Delightfully Dark

03 Nov 2022

Charleston thriller author releases second book following success of A Flicker in the Dark

By Jenny Peterson 

Stacy Wilingham watches a lot of crime documentaries. Call it research for her wildly successful career as a thriller novel writer. Her twisty A Flicker in the Dark debuted in January of this year at No. 9 on the New York Times bestsellers list and has since sold hundreds of thousands of copies and is being translated in over 30 languages.

“I took an abnormal psychology class in college which got me interested in criminal psychology,” said Willingham, who lives in West Ashley.

A Flicker in the Dark is set in Louisiana that centers around psychologist Chloe Davis, the daughter of a convicted serial killer, and the copycat killer who has emerged 20 years later.

“I was watching a documentary one day and saw a picture of a serial killer walking his daughter down the aisle at her wedding—and at that point he had killed 10 people and nobody knew at that time—and I started thinking about how it was a unique point of view to tell about a serial killer in the eyes of the daughter. That’s why I decided to start the book with Chloe planning her wedding.”

A Flicker in the Dark has been optioned for an HBO series produced by actress Emma Stone.

“When I first got on the Zoom call with Emma, I was stunned into silence,” Willingham said.

The Daniel Island native and Wando High School graduate originally signed a two-book deal with publisher Minotaur, a Macmillan imprint. She recently signed another two-book deal with the publishers, bringing her total commitment to four thrillers.

Her second book, All the Dangerous Things, is set to be published in January 2023. She said it took eight months to write the first draft. The process takes upwards of a year from submitting a draft to her agent to when it gets published.

All The Dangerous Things is a similar thriller in that it focuses on a female 30-something protagonist—a young mother whose son is taken out of his crib. The protagonist is also a little bit of an unreliable narrator, which is intertwined in the storyline,” Willingham said. “I’ve been consuming a lot of missing children-type stories for research for it.”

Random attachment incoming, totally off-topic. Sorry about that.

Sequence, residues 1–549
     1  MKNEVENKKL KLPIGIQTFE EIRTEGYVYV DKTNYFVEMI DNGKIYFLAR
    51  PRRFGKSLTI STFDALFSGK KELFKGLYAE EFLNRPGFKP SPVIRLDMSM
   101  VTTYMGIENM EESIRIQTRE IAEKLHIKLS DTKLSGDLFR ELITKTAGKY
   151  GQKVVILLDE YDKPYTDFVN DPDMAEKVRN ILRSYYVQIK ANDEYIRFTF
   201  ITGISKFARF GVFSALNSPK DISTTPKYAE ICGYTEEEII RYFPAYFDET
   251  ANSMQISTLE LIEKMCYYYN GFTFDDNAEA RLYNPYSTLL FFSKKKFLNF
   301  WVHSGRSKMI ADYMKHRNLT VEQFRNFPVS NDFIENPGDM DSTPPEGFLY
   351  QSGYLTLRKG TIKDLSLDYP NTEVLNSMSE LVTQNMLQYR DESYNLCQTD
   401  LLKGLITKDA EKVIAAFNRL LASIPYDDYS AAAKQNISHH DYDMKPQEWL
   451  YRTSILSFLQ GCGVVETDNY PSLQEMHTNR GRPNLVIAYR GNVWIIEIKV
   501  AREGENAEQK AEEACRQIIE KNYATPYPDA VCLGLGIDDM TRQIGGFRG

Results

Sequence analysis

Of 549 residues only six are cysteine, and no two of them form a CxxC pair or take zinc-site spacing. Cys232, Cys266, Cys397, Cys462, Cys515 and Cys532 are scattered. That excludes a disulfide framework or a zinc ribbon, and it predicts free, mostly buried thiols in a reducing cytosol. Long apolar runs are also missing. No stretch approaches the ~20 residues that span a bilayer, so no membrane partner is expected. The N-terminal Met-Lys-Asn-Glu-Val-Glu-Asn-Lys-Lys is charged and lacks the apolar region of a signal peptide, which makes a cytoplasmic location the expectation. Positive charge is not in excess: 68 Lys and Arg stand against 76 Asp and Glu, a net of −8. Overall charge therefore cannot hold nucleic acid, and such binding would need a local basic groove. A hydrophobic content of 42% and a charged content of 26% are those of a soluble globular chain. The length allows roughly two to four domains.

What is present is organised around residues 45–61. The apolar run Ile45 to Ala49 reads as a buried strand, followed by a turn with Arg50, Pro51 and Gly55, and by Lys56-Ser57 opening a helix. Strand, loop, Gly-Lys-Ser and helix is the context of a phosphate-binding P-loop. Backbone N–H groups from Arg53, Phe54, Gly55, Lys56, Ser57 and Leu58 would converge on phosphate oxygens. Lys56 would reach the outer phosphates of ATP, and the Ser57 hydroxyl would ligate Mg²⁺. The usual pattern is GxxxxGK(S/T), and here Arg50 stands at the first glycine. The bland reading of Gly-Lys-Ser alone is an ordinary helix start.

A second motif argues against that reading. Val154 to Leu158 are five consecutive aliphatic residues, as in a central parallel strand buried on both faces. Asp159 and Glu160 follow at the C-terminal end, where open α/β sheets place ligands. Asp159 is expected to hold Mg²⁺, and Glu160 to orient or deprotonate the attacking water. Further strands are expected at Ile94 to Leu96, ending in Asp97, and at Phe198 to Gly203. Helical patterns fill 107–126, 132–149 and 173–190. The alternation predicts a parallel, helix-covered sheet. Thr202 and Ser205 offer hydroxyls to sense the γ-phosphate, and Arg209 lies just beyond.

All the Dangerous Things is set in Savannah and her third book is set on a fictional college campus in Charleston. Willingham said she often takes walks in her Charleston neighborhood or sits on the dock at her parents’ house in Daniel Island to inspire her descriptive settings.

Willingham always dreamed about writing thriller novels, even as she worked a day job in marketing.

“I wrote a big chunk of A Flicker in the Dark at the Harbinger coffee shop downtown on my lunch breaks,” she said.

While working full-time, she enrolled in graduate school to get her MFA specifically to write a novel as her thesis.

“It gave me a three-year deadline and a committee of thesis advisors to give me feedback,” she said. While she said she was never able to get that thesis novel published, she credits it with kickstarting her writing career.

“I love writing twists. I have so much fun filling in and dropping the red herrings to misdirect people. It’s such a challenge dropping clues in just the right way,” she said. “You need to pepper them in so the reader picks up on them, but won’t realize it’s important until later. I love the process of figuring it out myself; that’s what makes this genre enjoyable.”

She considers herself a “pantser” writer—meaning someone who writes by “the seat of their pants” rather than plotting out the entire book in advance, which she said allows her to be creative.

“When you read a thriller, it’s like trying to put together a puzzle and that’s what it’s like when you’re writing it, too,” she said. “For me, the ending of a book is always the hardest part, because you want it to be shocking but believable, realistic and satisfying.”

After her initial two-book deal, and an advance from the publisher, Willingham was able to quit her job to focus full-time on writing her novels.

She still sends her first drafts to her parents and sister for feedback before sending it on to her agent and editor.

To celebrate her second book, Buxton Books downtown will hold a launch party in January which will be open to the public to buy copies and meet Willingham. More details can be found on the Buxton Books Facebook page. Her third book is set to be published in 2024 and her fourth in 2025.

“I’ll keep writing these novels as long as ideas come and they keep letting me,” she said.

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